Thirteen games into a winless season, the New Haven club was starting to struggle with injuries that forced players from the lineup. Pitcher Tricky Nichols was laid up with a broken finger. Sammy Wright, the shortstop, had a sprained ankle.
By and large, nineteenth-century baseball players played hurt. There were no pitch counts or rehab assignments to nurse a player back to health, and no disabled list as a mechanism to heal. With National Association teams tending to carry about 12 players on the roster, and New Haven generally carrying only enough to field a team, it meant new faces would put on a uniform.
Without a standardized scouting system, finding players was a difficult task. Willis Arnold, the club’s first general manager, went to find players in Brooklyn and Philadelphia, a sound idea at the time given both cities were hotbeds of the sport. With Arnold cashiered before the season even began, there doesn’t appear to have been a systematic effort by Captain Charles Gould in place to augment the roster in the event of injury. New Haven fell back on hiring players who were either recent Yale men, or members of the Bridgeport semi-pro team, including Sullivan, who performed well, Rit Harrison, who could hit but not field, and John Smith, who could do neither.
As the New Haven team planned its first road trip of the season, changes were necessary. Tom Barlow, the drug addicted catcher who gave two teams the runaround this offseason, returned to make the trip.
The New Haven Daily Palladium noted that a pitcher named Perroy was acquired to take Nichols’ place in the box, but it doesn’t appear from the records that he would ever play for the Elm Citys. Gould would choose to use outfielder Johnny Ryan and third baseman Henry Luff to handle the pitching. Seventeen year old Jim Keenan, a local amateur who would go on to a long major league career, would travel with the squad. Lester Dole, the son of the Yale professor responsible for the club’s conditioning in the preseason, would also serve as a substitute.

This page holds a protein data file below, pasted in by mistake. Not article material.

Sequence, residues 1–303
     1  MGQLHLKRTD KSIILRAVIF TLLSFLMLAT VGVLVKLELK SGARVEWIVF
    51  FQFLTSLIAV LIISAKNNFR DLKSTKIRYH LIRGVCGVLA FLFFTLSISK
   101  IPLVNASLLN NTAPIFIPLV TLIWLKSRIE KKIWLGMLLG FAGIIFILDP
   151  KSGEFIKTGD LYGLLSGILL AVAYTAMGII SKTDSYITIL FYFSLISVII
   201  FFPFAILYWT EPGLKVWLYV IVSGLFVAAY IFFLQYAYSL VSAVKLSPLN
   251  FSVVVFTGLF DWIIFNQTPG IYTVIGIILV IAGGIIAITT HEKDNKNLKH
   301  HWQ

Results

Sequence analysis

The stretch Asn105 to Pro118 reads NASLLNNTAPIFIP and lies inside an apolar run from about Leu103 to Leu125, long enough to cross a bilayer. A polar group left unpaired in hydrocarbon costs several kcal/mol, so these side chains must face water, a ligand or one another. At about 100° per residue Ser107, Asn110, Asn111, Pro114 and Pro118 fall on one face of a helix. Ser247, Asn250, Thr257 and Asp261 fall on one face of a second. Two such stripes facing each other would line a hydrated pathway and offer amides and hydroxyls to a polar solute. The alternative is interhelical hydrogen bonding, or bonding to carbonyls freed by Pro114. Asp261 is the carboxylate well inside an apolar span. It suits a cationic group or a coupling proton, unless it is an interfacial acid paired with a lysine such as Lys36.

Aside from Keenan and Sullivan, who appeared in multiple games, none of the substitutes would have any impact on the team. Barlow, Smith, Harrison, and Dole would each appear in a single game with the team, with decidedly mixed results.
However, with clubs in the league folding and more players becoming available, help was on the way. The Washington Centennials went out of business on May 24 and New Haven quickly signed catcher Tim McGinley and second baseman Ed Somerville. Both players were rookies in 1875, but Somerville had already gained a reputation as a fine fielder and hitter, according to manager Jack Chapman’s scrapbooks, stored at the Baseball Hall of Fame library. Somerville was hitting .228 when he signed with New Haven. McGinley hit .231 before arriving in New Haven.
With pressure mounting from the local press and stockholders concerned about their financial investment, Gould hoped that these players could help turn the team around. It turns out that in a small way they would.